I think the saddest thing I heard from an OFW/OCW (also immigrants) when they return home for a two-week or at most a month-long work break is “Gano’n pa rin ang Pinas. Walang pagbabago.” But also there’s already this estrange connection towards the country. Sometimes I would hear them say, “bansa n’yo” and then brag about the place where they now live or work. Well, how can anyone expect the country to change if those who were “enlightened” will just smirk and shake their head at its sad state and then leave it the way it is before they left and after they arrived? Leave it to the people who cause it to rot then expect some progress when you return? This estrangement I think is the reason that after all of their learning experiences and achievements, they think there’s no hope for the country and living here will only hinder their progress. Then they became simply appalled by Pinoy’s crappy behavior and mediocre living condition when they should also educate them kasi galing din sila sa gano’n hindi ba? So alam na nila kung paano magbago at ano ang dapat baguhin. Also, what makes me wonder is if they made it outside the country, why can’t they make it here in our country afterwards? I thought the real potential for progress are the people’s own qualities so what’s hindering them to make it here? Dahil ba kapag sa Pilipinas tamad pero kapag nasa ibang bansa masipag, kapag nasa Pilipinas he lack the skills pero kapag nasa ibang bansa ang galing, kapag nasa Pilipinas walang work ethics kapag nasa ibang bansa punctual and diligent, kapag nasa Pilipinas he don’t follow the law kapag nasa ibang bansa he embrace the rule of law, kapag nasa Pilipinas he lack the ideas kapag nasa ibang bansa he is hailed for his bright ideas? Why does OFW need a foreign employer for them to give it their best? Why does a person’s effort depend on the initial rewards or income? Hindi ba it follows na uunlad ka if you are using and improving your skills and consistent in working diligently? Why does it have to be in another country to be an achiever? Why does it take them to live in another country to be a role model citizen? I guess these are my questions to the OFWs and immigrants who are saying “Wala ng pagbabago sa bansa n’yo.”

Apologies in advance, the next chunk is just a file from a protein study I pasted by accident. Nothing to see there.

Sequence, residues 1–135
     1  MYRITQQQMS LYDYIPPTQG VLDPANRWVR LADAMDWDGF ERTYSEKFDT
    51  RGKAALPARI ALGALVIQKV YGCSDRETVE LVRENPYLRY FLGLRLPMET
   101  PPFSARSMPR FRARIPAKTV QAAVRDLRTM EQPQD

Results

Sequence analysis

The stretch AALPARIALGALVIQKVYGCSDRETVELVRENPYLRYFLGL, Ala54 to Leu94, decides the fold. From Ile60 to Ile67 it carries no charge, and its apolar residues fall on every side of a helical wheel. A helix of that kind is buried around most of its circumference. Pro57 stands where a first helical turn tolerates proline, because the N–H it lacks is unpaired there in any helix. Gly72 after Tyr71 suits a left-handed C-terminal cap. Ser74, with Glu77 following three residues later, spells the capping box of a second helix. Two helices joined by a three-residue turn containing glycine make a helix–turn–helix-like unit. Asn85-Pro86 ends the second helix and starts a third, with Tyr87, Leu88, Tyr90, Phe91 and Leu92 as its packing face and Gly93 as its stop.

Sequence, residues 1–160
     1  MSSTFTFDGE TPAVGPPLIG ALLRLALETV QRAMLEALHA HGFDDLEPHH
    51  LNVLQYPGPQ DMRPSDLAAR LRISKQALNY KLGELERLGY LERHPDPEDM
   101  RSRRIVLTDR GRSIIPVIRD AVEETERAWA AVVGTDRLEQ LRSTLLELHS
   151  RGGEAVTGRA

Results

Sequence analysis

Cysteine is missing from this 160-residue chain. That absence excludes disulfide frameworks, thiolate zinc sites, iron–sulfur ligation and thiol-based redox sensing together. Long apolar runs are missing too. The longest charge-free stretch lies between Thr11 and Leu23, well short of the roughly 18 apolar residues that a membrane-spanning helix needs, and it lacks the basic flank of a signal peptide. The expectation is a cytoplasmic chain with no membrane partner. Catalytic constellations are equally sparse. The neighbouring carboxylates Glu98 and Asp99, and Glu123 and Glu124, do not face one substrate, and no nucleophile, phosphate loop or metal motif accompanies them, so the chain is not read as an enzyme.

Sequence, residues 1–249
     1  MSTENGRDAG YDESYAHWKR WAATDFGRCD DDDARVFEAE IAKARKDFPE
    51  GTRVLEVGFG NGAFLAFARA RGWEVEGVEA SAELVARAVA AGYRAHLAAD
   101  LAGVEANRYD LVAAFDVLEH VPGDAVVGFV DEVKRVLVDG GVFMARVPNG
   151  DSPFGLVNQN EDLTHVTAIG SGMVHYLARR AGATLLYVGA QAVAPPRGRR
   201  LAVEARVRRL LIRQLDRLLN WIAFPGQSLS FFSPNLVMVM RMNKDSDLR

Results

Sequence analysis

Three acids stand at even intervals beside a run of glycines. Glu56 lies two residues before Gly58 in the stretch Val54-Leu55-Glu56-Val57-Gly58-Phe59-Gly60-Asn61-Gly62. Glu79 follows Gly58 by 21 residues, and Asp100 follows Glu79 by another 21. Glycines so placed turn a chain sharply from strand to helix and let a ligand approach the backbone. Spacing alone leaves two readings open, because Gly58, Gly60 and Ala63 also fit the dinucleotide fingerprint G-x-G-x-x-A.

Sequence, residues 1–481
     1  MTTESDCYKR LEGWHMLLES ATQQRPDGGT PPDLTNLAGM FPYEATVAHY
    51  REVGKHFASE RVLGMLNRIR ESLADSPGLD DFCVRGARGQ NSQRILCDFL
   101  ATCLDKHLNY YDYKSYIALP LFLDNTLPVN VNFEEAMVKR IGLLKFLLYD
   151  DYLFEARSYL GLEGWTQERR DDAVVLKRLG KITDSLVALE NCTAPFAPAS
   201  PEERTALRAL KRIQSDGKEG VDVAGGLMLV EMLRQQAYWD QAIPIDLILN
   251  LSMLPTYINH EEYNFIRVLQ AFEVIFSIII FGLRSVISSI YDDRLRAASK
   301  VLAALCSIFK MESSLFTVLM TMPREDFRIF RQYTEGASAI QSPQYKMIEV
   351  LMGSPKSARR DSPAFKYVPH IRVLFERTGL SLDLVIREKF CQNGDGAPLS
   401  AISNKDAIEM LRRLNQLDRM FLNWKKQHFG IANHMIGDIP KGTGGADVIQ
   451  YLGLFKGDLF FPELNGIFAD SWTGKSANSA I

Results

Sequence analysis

On topic, yes, overseas Filipino workers are one of the strongest workforces that will keep us from going to the same direction as Greece. Although there are Pinoys who lack the skills or high education that will lead the country to greatness, we have people here that are hardworking and will work pa nga despite being swindled or earning little, not missing overtime, no restdays and even work during holidays. Sa totoo lang sanay talaga ang mga Filipino sa hirap at manual labor so magtatrabaho sila as long as they can to earn enough. Ang siste ay nagtatrabaho sila sa foreign owned company, sa loob o labas man ng bansa. Now, it would be good for our country and its people kung marami tayong local businessman and Filipino-owned manufacturing companies and there are more local produce circulating locally and being exported. If only the leaders would see the potential the Filipino hard workers have to offer and would capitalize on our resources and support our local businessmen. And hopefully, too, our enlightened OFWs will apply here what they learned working from another country. Gandhi said, “Be the change you want to see in the world.” Most of the time, the change can be felt if the person concerned is working on the change he or she wants or expects to see. For OFWs, they can start with their family and in raising their children as productive members of the society. Sabihin nila sa iniwan nila what changed them and what ought to change para magbago at umunlad din ang buhay ng mga iyon. Kung ano sila sa labas ng bansa, sana ganoon din sila dito at i-apply nila dito ang natutunan nila. The value of Filipino overseas contract workers or migrants is not only because of their remittances but more on the good change in them that can change the outdated and narrow-minded culture of our society.